Beside me, my mother cringed.
No blow was struck, no scathing words delivered. When I risked an upward glance, I saw his expression was placid, with no hint of a storm on the horizon. A fragment of robe spiraled in the chill breeze by his feet, and I saw a smile begin to break across his face. “Wife!” he exclaimed.
I felt her flinch, though her eyes were dull as smoked glass.
He gestured expansively, warm and exuberant. “Day by day, I hear reports of our son’s strength and how it grows. He becomes a fine specimen, despite his youth, and the tales of his power strike awe and respect into hearts far and wide.” He nodded approvingly at the bloodstained scraps of material and the incessant thud, thud, thud.
Our son? I wondered, not yet understanding what he meant. I slowly perceived, in my incredulity, that it was pride warming the stern angles of his face. He was proud of the monster we had nurtured in the heart of the palace, proud of the reputation it had won him. Far from bringing ridicule upon the cuckolded Minos’ head, Poseidon had delivered him a fearsome weapon, a divine brute that Minos had come to see would only strengthen his status.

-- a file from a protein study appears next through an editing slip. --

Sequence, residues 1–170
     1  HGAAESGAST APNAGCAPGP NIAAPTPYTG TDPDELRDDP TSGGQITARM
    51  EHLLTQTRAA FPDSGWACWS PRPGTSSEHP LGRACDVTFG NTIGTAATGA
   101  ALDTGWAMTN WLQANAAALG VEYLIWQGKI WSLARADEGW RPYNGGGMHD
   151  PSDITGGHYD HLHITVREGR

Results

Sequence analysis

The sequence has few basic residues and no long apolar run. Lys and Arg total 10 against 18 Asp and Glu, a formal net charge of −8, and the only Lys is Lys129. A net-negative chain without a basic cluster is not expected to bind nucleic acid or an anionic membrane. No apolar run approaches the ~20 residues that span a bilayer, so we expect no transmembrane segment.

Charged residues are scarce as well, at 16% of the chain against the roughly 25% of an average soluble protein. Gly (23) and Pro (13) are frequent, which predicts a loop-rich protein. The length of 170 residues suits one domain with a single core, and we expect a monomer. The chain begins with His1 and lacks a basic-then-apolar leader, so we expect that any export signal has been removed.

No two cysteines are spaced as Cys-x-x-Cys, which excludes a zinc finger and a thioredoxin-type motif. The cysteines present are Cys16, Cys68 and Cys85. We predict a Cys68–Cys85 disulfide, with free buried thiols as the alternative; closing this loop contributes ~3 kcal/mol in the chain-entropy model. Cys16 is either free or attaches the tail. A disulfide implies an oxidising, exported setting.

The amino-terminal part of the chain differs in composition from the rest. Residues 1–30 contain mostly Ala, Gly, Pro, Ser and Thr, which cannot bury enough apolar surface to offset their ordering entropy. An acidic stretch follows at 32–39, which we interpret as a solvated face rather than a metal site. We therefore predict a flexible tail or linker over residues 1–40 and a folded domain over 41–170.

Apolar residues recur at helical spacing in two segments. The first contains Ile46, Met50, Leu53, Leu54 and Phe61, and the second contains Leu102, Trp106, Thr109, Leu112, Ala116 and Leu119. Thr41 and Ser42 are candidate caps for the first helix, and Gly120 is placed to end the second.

“He must have a name,” Minos declared, and I did not speak up to say Asterion. Why would he care what Pasiphae and I had called him?
Minos approached the door, and at the sound of his footsteps, the thud, thud, thud increased as my brother’s excitement overwhelmed him. Minos lay his hand against the straining doors and, as they bounced against his palm with ravenous force, Minos’ smile broadened. “The Minotaur,” he spoke, claiming my brother for his own. “A name that befits the beast.”